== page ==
Housing is an important part of development planning and government policy in many successful developing countries. It is usually carried out as part of a city-wide planning that not only includes housing, but also the infrastructure for access to institutions, services and companies in an area.

Singapore, which is known to have grown from a Third World to a First World country with a GDP per capita of $ 65,640 in 2019 (versus the Philippines around $ 3,500 per capita in 2019). The newborn government of Singapore built 55,000 homes in its first five years as part of its core strategy, more than the colonial government in 30 years. Government Housing and Development Board apartments are now occupied by 8 out of 10 residents who used housing and a core strategy now seen as “unique national identity and collective experiences … for social stability and economic growth”.

In Hong Kong and in major US cities, the uncontrolled housing shortage has become a source of political and social unrest. Now that China has essentially housed the entire population, as part of its development strategy, it is building housing along with infrastructure as part of its development strategy. This is seen as both a cause and a consequence of rising incomes, although there are problems with the location of desired units, high prices and development, which the government is now actively managing.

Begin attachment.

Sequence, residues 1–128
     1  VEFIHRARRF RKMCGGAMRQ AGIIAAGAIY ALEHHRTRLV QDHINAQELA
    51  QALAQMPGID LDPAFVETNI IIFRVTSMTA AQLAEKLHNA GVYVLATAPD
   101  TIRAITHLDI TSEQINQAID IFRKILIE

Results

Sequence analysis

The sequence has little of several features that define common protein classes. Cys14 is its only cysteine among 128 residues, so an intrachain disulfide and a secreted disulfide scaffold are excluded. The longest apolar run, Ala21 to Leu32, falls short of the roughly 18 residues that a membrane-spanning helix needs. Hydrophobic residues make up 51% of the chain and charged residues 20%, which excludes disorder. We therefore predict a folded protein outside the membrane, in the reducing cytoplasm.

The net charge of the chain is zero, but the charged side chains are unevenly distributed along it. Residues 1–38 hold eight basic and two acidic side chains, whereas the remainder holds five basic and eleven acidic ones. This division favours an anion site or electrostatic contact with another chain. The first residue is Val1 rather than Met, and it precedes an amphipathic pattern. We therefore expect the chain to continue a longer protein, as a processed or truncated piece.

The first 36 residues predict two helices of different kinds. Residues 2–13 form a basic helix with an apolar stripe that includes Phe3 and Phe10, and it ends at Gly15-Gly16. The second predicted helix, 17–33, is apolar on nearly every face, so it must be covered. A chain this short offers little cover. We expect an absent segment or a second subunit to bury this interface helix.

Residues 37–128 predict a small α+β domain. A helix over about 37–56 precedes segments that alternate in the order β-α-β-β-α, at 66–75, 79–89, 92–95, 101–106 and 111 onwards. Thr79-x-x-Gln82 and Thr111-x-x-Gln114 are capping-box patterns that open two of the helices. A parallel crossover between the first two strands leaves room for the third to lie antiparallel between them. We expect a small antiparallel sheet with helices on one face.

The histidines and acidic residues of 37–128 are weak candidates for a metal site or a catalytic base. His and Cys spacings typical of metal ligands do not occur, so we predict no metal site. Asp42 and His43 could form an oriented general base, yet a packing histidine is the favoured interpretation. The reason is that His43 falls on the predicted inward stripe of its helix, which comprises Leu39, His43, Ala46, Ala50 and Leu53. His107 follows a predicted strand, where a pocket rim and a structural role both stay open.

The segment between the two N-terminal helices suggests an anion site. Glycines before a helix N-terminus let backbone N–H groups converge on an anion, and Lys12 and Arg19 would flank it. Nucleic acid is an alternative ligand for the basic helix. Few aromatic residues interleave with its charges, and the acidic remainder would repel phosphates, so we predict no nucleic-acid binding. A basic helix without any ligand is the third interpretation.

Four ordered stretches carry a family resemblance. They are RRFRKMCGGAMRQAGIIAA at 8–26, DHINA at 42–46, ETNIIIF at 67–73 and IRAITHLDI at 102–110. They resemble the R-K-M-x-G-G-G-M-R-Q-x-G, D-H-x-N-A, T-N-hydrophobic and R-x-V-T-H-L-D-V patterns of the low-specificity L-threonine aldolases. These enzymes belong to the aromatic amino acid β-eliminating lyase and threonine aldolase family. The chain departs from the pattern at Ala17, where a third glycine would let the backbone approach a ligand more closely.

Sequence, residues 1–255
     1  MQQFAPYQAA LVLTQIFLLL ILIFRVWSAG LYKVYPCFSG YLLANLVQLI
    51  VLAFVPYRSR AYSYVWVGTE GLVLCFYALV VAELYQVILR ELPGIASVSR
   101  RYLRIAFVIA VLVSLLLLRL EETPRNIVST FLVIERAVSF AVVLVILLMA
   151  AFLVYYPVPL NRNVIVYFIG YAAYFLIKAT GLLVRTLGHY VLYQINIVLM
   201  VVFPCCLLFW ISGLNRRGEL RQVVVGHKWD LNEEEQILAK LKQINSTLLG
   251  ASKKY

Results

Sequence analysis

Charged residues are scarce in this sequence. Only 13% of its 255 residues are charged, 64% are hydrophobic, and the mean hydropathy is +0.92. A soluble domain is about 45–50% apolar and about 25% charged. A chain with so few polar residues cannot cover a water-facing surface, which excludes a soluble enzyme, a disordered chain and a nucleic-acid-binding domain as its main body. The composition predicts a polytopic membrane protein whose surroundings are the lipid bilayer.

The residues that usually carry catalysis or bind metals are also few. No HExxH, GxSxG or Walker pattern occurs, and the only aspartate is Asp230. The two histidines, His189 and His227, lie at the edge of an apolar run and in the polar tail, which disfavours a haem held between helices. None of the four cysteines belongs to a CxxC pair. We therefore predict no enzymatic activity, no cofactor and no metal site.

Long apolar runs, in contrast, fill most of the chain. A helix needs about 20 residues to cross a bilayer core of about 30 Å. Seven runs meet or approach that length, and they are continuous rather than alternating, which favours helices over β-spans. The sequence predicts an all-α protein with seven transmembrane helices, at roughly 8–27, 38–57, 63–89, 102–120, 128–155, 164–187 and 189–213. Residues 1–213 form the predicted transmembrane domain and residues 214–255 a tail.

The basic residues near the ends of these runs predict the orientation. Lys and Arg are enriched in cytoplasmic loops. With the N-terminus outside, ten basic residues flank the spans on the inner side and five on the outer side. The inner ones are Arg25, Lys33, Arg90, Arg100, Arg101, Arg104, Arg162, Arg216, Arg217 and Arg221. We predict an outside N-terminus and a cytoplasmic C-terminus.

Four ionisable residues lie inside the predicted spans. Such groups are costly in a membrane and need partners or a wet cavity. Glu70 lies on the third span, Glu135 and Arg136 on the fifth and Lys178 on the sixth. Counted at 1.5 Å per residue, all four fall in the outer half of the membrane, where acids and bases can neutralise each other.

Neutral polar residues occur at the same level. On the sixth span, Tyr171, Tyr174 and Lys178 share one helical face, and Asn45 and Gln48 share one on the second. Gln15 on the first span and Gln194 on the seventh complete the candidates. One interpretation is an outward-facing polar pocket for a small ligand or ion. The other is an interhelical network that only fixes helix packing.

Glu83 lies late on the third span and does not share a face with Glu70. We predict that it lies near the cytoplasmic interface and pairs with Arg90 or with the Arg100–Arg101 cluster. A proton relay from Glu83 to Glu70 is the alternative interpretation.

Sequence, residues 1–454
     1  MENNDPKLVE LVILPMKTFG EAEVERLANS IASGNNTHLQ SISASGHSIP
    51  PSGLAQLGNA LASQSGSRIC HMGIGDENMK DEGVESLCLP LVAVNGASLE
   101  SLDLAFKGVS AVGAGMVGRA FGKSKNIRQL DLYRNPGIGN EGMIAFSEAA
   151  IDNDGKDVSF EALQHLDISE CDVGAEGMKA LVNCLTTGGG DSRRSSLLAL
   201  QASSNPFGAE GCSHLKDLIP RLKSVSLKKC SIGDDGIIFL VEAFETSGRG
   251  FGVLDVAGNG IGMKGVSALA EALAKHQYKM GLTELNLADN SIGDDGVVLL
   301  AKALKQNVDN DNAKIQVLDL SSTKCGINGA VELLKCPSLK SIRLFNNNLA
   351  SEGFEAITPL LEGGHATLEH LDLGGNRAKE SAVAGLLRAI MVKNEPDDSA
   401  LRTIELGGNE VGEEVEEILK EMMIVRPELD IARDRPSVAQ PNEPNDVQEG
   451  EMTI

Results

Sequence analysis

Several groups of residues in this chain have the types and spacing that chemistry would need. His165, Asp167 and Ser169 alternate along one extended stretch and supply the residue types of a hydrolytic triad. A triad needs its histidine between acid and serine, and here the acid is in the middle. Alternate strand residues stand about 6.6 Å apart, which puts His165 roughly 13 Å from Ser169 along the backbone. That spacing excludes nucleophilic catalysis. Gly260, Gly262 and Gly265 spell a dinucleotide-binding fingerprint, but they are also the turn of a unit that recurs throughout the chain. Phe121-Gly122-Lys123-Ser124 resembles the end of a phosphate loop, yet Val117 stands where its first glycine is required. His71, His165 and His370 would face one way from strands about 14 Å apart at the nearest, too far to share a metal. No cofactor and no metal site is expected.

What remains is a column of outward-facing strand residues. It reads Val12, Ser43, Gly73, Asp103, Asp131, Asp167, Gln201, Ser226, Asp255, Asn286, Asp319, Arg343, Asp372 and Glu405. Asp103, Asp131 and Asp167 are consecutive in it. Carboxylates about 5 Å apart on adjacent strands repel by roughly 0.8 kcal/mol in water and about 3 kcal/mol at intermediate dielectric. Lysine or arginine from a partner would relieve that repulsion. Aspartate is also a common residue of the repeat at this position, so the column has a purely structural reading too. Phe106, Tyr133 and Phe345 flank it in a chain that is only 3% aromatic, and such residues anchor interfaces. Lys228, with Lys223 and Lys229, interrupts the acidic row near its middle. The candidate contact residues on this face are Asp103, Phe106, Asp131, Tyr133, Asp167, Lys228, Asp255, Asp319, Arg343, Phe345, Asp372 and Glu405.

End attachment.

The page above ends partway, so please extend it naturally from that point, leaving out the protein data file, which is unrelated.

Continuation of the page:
Streamlined incentives and processes will go a long way in reaching more home-owned families, which is a recognized key to economic growth with citizen participation. But this additional production cannot be enforced by upper price limits which normal business cannot achieve in the long term, or even which cannot be reached by the state.

After some housing debacles in the 1990s and 2010, state regulators were able to work with stakeholders to grow the industry without major incidents. The Housing and Land Use Regulatory Board (HLURB) has been monitoring the situation to ensure that there has not been any major breakdowns or fraud. The Pag-IBIG Fund has adjusted its rules to allow more access while protecting funds so that it has grown significantly in terms of income and portfolio size, although there are procedural disagreements that need to be worked on. The Anti-Red Tape Authority (ARTA) has also helped expedite processes and cases.

The various housing and finance authorities related to housing construction were eventually brought together under the Department of Settlements and Urban Development (DHSUD), which was founded in 2019 under Secretary Eduardo del Rosario, who is in constant discussion with the various stakeholders and his team Balance the differences in interests, including those of homeowners, vendors, associations, and the government.

Our government can unlock tremendous value through the housing industry and accelerate the recovery and development of the Philippines. The incentive-driven production of the affordable housing sector and the rationalization of the specifications and requirements of some agencies are urgently needed measures to increase production quickly, the benefits of which are greatly enhanced when implemented sooner rather than later. Private actors would also do well to coordinate closely with the government.

We’re behind Asean in the economy, but if we make housing more priority it will allow for a much faster catch-up process and more people will benefit sooner.

Our goal in the arrears must not just be to continue, but to skip!

The New Worlds by Integrated Development Studies Institute aims to present frameworks based on a balance between economic theory and historical realities, and to establish success in real businesses and communities. ([email protected]).